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Last active Apr 15, 2019
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time.process_time() and time.perf_counter() for Python 2 on Ubuntu.
"""time.process_time() and time.perf_counter() for Python 2 on Ubuntu."""
import ctypes
import errno
from ctypes.util import find_library
from functools import partial
clockid_t = ctypes.c_int
time_t = ctypes.c_long
class timespec(ctypes.Structure):
_fields_ = [
('tv_sec', time_t), # seconds
('tv_nsec', ctypes.c_long) # nanoseconds
_clock_gettime = ctypes.CDLL(find_library('rt'), use_errno=True).clock_gettime
_clock_gettime.argtypes = [clockid_t, ctypes.POINTER(timespec)]
def clock_gettime(clk_id):
tp = timespec()
if _clock_gettime(clk_id, ctypes.byref(tp)) < 0:
err = ctypes.get_errno()
msg = errno.errorcode[err]
if err == errno.EINVAL:
msg += (" The clk_id specified is not supported on this system"
" clk_id=%r") % (clk_id,)
raise OSError(err, msg)
return tp.tv_sec + tp.tv_nsec * 1e-9
from time import perf_counter, process_time
except ImportError: # Python <3.3
perf_counter = partial(clock_gettime, CLOCK_MONOTONIC_RAW)
perf_counter.__name__ = 'perf_counter'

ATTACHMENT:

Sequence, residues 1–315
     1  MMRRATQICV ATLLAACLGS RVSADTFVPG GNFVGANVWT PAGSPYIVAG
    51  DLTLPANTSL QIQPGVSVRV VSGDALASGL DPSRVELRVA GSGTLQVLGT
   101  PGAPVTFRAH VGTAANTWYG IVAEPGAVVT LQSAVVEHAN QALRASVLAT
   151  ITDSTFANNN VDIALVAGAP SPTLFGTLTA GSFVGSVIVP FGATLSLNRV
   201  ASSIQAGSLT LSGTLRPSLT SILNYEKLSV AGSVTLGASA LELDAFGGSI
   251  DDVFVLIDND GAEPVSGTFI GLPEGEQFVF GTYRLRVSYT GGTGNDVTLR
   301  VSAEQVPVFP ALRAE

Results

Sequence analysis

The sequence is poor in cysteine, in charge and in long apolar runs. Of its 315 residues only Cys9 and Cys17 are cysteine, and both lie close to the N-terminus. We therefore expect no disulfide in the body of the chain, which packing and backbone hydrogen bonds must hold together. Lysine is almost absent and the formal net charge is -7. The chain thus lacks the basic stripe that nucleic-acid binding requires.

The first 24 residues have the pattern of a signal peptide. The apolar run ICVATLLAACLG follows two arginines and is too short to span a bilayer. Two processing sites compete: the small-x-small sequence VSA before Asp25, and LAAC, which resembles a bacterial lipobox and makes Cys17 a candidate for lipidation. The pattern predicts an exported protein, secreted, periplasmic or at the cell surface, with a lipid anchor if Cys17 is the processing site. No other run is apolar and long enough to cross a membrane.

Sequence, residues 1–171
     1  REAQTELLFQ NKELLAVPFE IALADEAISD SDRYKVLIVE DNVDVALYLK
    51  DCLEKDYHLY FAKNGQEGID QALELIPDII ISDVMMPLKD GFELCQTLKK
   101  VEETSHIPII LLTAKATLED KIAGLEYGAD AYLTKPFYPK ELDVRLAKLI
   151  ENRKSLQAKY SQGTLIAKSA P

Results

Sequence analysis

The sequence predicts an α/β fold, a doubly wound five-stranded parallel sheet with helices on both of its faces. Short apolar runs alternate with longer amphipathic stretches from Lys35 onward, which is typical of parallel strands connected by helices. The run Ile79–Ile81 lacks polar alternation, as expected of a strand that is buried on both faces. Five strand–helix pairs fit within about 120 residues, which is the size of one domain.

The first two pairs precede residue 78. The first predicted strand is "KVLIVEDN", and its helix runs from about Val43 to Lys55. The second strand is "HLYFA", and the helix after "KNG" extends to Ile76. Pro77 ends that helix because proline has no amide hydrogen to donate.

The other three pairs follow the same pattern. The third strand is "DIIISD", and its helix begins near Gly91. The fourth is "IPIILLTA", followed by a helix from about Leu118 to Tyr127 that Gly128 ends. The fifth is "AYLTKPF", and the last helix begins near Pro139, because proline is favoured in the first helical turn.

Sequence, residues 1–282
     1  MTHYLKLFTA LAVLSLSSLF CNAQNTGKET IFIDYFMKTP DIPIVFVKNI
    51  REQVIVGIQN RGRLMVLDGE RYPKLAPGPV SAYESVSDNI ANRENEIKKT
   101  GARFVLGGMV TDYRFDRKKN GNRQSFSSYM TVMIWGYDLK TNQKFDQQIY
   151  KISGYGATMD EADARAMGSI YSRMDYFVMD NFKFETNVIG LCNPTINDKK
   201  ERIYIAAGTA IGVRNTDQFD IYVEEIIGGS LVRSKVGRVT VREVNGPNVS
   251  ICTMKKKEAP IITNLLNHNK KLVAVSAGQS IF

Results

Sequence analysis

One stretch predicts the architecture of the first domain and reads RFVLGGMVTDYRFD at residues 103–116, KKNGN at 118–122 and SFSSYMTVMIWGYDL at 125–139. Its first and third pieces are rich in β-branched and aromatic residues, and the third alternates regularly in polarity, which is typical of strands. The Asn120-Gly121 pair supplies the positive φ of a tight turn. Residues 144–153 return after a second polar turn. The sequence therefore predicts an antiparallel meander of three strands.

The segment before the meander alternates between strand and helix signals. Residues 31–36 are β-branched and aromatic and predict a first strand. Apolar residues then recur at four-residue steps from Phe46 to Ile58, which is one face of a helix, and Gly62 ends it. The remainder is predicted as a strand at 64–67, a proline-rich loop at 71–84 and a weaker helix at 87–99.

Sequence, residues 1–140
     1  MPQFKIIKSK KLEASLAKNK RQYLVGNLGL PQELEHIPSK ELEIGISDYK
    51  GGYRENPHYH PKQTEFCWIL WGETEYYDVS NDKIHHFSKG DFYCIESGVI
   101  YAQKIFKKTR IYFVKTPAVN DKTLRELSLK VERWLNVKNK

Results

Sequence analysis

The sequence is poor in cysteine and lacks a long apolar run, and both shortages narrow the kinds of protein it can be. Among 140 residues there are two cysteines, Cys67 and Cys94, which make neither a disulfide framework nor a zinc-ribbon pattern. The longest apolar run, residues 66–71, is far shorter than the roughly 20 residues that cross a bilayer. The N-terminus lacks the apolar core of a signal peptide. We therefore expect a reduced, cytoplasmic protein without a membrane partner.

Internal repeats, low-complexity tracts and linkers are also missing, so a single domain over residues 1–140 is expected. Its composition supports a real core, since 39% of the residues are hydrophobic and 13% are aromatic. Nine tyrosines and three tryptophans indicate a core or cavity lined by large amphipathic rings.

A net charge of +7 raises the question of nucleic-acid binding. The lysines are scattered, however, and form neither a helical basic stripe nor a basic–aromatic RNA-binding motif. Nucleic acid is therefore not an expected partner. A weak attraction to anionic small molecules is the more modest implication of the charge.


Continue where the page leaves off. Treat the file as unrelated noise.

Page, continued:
process_time = partial(clock_gettime, CLOCK_PROCESS_CPUTIME_ID)
process_time.__name__ = 'process_time'
if __name__ == "__main__":
import random
import time
from itertools import repeat
from timeit import Timer, default_timer
print("process_time() doesn't include time.sleep(0.5):")
timers = [default_timer, time.clock, process_time, perf_counter]
start_times = [t() for t in timers]
_ = sum(random.random() - f for f in repeat(.5, 1000000))
for start, timer in zip(start_times, timers):
print("\t%-12s %.3g" % (timer.__name__, timer() - start))
# measure overhead
print("overhead (execute `pass` statement):")
n = 10000000
for timer in timers:
t = min(Timer(timer=timer).repeat(number=n)) / n
print("\t%-12s %.2f ns" % (timer.__name__, t*1e9))
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Hubbitus commented Mar 9, 2016

Unfortunately it will not work correctly if you will try measure CPU time for code which use multi-threading. For example sklearn.cross_validation.cross_val_score(n_jobs=2)

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zed commented Nov 5, 2016

@Hubbitus: it works the same way time.process_time() and time.perf_counter() do in Python 3. Whether or not it is "correct"; I don't know.

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